Writing introductions to essays

Writing essays is a task you are very likely to have to do for Cambridge First, Advanced and Proficiency, as well as IELTS. The length of the essay and the complexity of the question vary depending on the exam, but the basic skills are the same.

You will always need to:

  • plan the essay by brainstorming ideas
  • organize your ideas
  • write an introduction and conclusion
  • read your work through and make corrections

The introduction is very important because it is the first thing the examiner will see. A good introduction has two main elements:

  • restating the question
  • explaining what you're going to do in your essay

We'll look at two IELTS examples for these exercises.

Restating the question
The examiner already knows which question you're answering! So, why do you need to do this? Firstly, restating the question shows the examiner you have understood the question. Secondly, it helps you focus. Thirdly, it's an opportunity to demonstrate your range of vocabulary and your ability to manipulate sentence constructions.
Example question: What are the benefits of living in big cities, as opposed to rural areas? What are the problems of rural areas and how can they be solved?


  • Underline the key words in the question.
  • Think of synonyms that would work in this context.

benefit = advantage, pro, plus
big city = metropolis, urban area
as opposed to = compared with, in comparison to
rural area = countryside, in the country
problem = disadvantage, minus, drawback
solve = resolve, overcome

Sentence construction

  • Look at the way the sentences are constructed e.g. verbs or noun phrases.

the benefits of living in…; how can they be solved?

  • Think of ways to change them.

For example,

  • change a verb construction to a noun construction:

the benefits of life in…

  • change passive to active:

how we can solve them

You now have eight things you could change in order to state the question in your own words and show that you have control over English. You don't have to use all the changes you thought of and it doesn't matter if you haven't got as many possibilities as I have included here.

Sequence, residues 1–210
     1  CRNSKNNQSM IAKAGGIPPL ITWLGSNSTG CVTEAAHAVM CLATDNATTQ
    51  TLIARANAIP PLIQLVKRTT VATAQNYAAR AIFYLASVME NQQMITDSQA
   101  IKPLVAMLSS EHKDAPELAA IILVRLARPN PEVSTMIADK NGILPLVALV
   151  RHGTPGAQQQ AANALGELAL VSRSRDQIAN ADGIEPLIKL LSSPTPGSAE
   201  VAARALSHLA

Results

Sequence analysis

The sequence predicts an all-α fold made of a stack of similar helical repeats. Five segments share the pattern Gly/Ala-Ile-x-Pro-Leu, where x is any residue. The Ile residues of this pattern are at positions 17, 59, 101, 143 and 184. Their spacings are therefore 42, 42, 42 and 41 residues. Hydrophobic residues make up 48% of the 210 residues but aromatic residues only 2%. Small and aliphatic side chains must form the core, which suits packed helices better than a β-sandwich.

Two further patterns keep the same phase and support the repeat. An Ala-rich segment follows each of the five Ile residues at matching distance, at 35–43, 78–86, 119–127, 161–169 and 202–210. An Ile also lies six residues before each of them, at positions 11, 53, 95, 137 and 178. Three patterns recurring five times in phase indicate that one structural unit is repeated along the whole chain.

So, the first two sentences of my introduction might look like this:

There are many advantages of life in urban areas when compared with country living. The question to consider is: what are the disadvantages and how can we overcome them?

Explaining what you're going to do

This just needs to be one more sentence which briefly outlines how you are going to answer the question. Useful phrases are:

I will (attempt to/try to) discuss / look at / consider / compare / examine…

So, I can add a sentence like this to my introduction:

I will compare a typical city in Europe with a countryside area and try to give suggestions for solving the problems found with cities.

Your turn

Here's another IELTS question. It's a different style of question, but the principles of how to write an introduction are the same.

Recently the freedom to work and live anywhere has become the main trend due to the development of communication technology and transportation. Do the advantages of these developments outweigh the disadvantages? Discuss.

  • Which are the keywords?
  • Can you think of an alternative for each keyword?
  • What structures can you see?
  • Can you change them?
  • Write one sentence explaining how you will answer the question.

Example answers at the bottom of the page.

  • freedom, trend, due to, development, communication technology, transport, advantage, disadvantage, outweigh
  • flexibility, movement towards, because of, advances, -----**, transportation, benefit, drawback, make up for
  • the freedom to…; the development of technology; Do….outweigh…?
  • people are free to…; developments in technology; Are …outweighed by…?
  • I will examine the drawbacks to developments in communication and transport, and attempt to balance them against the benefits.

** There aren't always alternatives!

Article contributed by Nicola Prentis who is a teacher and materials writer, based in Madrid and London. She is the author of Speaking Skills (B2+) - a self study book with Collins.